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    @russpatterson, Thanks for the great advice! Yeah, I haven't been able to find out too much about about charging voltages. I've read someone's advice in one of the forums that you need a range of 6-9 volts to charge 4 NiMH AA's. So my solar panel may be alright if this is correct. Keeping the panel on the dash or seat of my vehicle may help keep the current down a little too. But this panel is about the size of a greeting card and the most amperage I've ever seen out of it is 250 milliamps, so I'm not worried about coming within the 25% of the 2400 mAh of the batteries.

    Also, I know this is not a practical application of diodes, but I've connected 2 diodes (instead of the 1 to prevent discharging through the panel) in order to drop the voltage of the panel down below 7 volts.

    I also read up on Wikipedia about trickle charging NiMH batteries and they say, "Some equipment manufacturers consider that NiMH cells can be safely charged in simple fixed, low-current chargers with or without timers, and that permanent overcharging is permissible with currents up to 0.1 C (where C is the current equivalent to the capacity of the battery divided by one hour)." So is this saying that some manufacturers say I couldn't overcharge these 2400 mAh batteries as long as I stay below 240 milliamps?

    And thanks for suggesting an Arduino. I've never really looked into one before, but that would be pretty fun project. I'll have to check it out when I can come up with the little extra cash.

    Thank you
     
  6. Audioguru

    New Member

    Dec 20, 2007
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    Why don't you look at the datasheet of the AA Ni-MH cell on Energizer's website? They even have an Applications Manual that tells you everything.
    The 2400mAh cells can be charged at 240mA for about 14 hours if they are dead but a solar panel has varying amounts of current with none at night.

    Here is the charging voltage from Energizer's website. It is much higher than you thought. The voltage from your solar panel must be high enough when it is fully loaded, not just with no load.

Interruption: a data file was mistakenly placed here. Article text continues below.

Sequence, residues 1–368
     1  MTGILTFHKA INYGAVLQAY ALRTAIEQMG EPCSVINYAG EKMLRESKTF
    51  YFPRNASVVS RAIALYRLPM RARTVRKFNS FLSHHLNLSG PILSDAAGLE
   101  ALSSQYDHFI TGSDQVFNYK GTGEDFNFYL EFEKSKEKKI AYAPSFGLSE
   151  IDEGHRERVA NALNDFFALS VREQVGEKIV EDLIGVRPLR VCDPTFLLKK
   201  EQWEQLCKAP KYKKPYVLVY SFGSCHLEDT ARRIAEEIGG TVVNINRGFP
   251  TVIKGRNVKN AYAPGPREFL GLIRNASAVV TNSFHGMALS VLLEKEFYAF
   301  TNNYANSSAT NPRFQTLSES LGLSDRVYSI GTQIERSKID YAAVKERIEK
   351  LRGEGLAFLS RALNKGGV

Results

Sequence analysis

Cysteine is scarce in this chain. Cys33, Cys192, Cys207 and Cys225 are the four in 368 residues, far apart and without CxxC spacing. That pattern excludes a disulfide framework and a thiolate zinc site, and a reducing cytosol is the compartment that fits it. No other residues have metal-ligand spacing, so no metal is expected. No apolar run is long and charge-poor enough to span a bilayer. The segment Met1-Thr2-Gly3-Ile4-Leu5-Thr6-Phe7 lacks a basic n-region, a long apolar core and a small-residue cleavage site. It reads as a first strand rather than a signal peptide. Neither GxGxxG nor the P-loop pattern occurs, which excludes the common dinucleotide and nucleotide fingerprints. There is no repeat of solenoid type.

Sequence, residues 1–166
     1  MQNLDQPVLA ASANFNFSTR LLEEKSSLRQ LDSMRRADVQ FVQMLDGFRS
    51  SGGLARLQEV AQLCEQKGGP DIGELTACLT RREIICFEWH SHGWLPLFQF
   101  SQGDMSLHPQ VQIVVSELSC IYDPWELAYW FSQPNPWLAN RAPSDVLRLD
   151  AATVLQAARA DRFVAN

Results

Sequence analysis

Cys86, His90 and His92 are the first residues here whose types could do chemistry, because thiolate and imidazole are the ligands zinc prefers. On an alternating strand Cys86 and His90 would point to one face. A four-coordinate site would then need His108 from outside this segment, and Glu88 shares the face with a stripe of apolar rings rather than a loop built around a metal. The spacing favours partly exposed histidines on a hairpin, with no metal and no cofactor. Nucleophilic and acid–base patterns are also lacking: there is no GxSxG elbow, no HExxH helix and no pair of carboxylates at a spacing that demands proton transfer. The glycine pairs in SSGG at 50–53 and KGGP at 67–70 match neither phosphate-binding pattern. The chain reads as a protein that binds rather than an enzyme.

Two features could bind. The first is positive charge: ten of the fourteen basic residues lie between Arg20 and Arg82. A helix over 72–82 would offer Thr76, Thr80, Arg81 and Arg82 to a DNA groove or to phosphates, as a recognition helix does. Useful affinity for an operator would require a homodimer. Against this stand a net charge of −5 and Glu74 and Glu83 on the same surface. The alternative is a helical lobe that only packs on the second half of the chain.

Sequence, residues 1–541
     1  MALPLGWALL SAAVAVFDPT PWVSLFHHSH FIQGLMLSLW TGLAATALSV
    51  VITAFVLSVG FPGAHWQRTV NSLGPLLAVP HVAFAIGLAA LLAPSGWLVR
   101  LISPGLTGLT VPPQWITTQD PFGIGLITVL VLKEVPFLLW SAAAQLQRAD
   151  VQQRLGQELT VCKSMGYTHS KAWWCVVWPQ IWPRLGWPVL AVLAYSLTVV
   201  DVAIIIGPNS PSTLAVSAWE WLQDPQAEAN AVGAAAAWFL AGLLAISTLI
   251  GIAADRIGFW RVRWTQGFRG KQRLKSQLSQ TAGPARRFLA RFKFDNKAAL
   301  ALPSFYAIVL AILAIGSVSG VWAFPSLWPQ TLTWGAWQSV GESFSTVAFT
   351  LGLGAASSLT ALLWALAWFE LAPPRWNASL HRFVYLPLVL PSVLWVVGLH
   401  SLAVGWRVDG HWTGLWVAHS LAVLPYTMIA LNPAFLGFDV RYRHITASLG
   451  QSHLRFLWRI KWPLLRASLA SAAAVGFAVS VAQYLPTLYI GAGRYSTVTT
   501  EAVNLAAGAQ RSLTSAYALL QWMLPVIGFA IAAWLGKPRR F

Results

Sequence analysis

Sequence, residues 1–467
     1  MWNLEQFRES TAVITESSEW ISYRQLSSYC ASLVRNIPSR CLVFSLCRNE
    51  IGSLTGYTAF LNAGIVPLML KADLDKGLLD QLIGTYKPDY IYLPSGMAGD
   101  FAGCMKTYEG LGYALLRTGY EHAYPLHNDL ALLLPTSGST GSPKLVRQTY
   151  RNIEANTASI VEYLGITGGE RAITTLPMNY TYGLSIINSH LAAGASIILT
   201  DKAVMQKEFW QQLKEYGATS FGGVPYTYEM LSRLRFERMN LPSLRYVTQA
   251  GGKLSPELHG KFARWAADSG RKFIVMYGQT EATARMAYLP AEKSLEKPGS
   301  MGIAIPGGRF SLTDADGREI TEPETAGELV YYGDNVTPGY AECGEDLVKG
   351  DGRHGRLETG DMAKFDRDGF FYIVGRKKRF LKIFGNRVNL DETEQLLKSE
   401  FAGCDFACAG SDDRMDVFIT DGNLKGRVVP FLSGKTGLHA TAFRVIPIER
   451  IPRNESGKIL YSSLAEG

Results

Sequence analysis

7. iONic

    AAC Fanatic!

    Nov 16, 2007
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    ...again, you would have to watch the charge voltage, but using (2) diodes drawing ~1.4V would reduce your charge voltage to Max. 8V - 1.4V = 6.6V. Charge 4 NiMH 1.2V batteries to ~1.4 to 1.5V Max. Using this method would leave ~0.6V left over... perhaps (3) diodes.
    Thus 8V - 2.1V = 5.9V. 5.9V/4 = ~1.48V. ou will, of course loose some charge current, but at least you really can't overcharge the batteries.
     
  8. wayneh

    Expert

    Sep 9, 2010
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    In my opinion, yes, this will work with little risk. At full charge, the AAs will drop 6v or so across themselves, leaving only 1.5v "extra" voltage. The current forced thru the batteries at that low ∆V will be far less than the 250mA spec of the panel, which is likely for a shorted condition. My guess would be the current will be under 20mA, and I think that's OK for prolonged trickle to NiMH AAs. You should verify these two assumptions, that the current in full sun, to charged batteries, is in fact OK for the batteries you're using.
     
  9. iONic

    AAC Fanatic!

    Nov 16, 2007
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    I always thought that the ideal solution would be to take a store-bought battery charger and check its Voltage and current requirements. The find a solar panel that can provide these requirements. Then remove the AC Adapter to power it with a regulated voltage.
     
  10. Audioguru

    New Member

    Dec 20, 2007
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    Store-bought battery chargers vary in quality and price.
    The Energizer charger that came with my Ni-MH cells is stupid:
    1) It is simply just a timer.
    2) It doesn't measure that cells already are charged or slightly discharged so it severely overcharges them.
    3) it doesn't detect when a lower capacity cell is fully charged so it severely over charges it.
    4) It doesn't detect that a high capacity cell is not fully charged yet then its timer turns it off.
    5) If the power fails during charging then it starts the charging timer over again when the power resumes which severely over charges the battery.
     
  11. iONic

    AAC Fanatic!

    Nov 16, 2007